Posted by Alia Haddad on April 24, 2013 at 7:34 am
Well, the documentary sure has been having a great time at film festivals this year. At Sundance, The Crash Reel and Stories We Tell were hits among a crop of just okay narrative features. And now at Tribeca, one documentary in particular, The Kill Team, seems to be the talk of the town. And after seeing the film in question, I finally know why.
The Kill Team, the latest nonfiction film by director Dan Krauss, tells the true-life (duh) story of the group (platoon? I never did learn the lingo) of US soldiers who decided to kill innocent people for sport while stationed in Afghanistan. The plot alone sounds incredibly intriguing, but throw in first hand accounts from the people convicted of murder and you got yourself a jaw-dropping, cannot look away documentary. Even so, this could all be chalked up to hype if the movie itself wasn’t great. But thankfully it was.
Krauss presents such a nuanced, complicated story that believing its validity does not really ever come into play. As a documentary, this feeling of of validity is a good thing because it allows us critics to review the film as we would any other fiction film. Moreover, to be honest, Krauss’s narrative was so strong that I forget I was watching a documentary until the “what happened next” came up on screen at the end of the film. This being the case, allow me to discuss what this movie did right.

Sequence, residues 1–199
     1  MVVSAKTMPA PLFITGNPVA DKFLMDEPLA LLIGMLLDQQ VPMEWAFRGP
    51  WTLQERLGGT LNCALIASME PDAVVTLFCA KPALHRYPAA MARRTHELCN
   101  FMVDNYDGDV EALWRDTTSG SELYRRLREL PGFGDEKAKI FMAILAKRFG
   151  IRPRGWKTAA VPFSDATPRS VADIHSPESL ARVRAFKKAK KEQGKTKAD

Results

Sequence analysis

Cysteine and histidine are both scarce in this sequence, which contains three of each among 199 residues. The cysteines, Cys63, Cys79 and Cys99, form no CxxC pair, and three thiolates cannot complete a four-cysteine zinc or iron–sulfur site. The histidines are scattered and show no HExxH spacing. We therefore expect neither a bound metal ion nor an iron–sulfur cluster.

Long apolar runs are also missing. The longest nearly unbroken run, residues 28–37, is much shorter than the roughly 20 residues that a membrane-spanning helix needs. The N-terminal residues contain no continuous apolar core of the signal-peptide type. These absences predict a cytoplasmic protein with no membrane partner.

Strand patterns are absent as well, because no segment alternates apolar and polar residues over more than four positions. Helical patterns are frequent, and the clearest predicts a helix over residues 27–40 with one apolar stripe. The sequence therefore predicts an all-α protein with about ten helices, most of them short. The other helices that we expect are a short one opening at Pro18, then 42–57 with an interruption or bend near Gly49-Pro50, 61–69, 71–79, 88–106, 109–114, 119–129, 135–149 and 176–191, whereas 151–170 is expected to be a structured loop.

First, as I already touched upon, its narrative was incredibly strong. Amazingly, Krauss succeeded in pairing this strong plot with even stronger character development. I know, I know, how does one achieve this in a documentary? Well, the editing was such that the plot not only kept you on the edge of your seat throughout the entire film, but the characters, er real people, started off as one-sided murderers and ended as (well, still as murderers) but ones with stories I had never considered.
Second, the interviews were especially strong. While this is rather unique to a documentary, they didn’t make the narrative any less convincing. In fact, just the opposite. They were done in such a way that did not take the viewer out of the picture, but instead put her right back into it.
Finally, Krauss did a great job in presenting the facts of the case in a seemingly unbiased way, through which he hinted at the plausibility of this type of murder not being isolated to this one incident in the military. This is where I believe Krauss succeeded the most. He did not beat the viewer over the head with this implication, but rather subtly suggests that we are witnessing only one case that managed to come to light.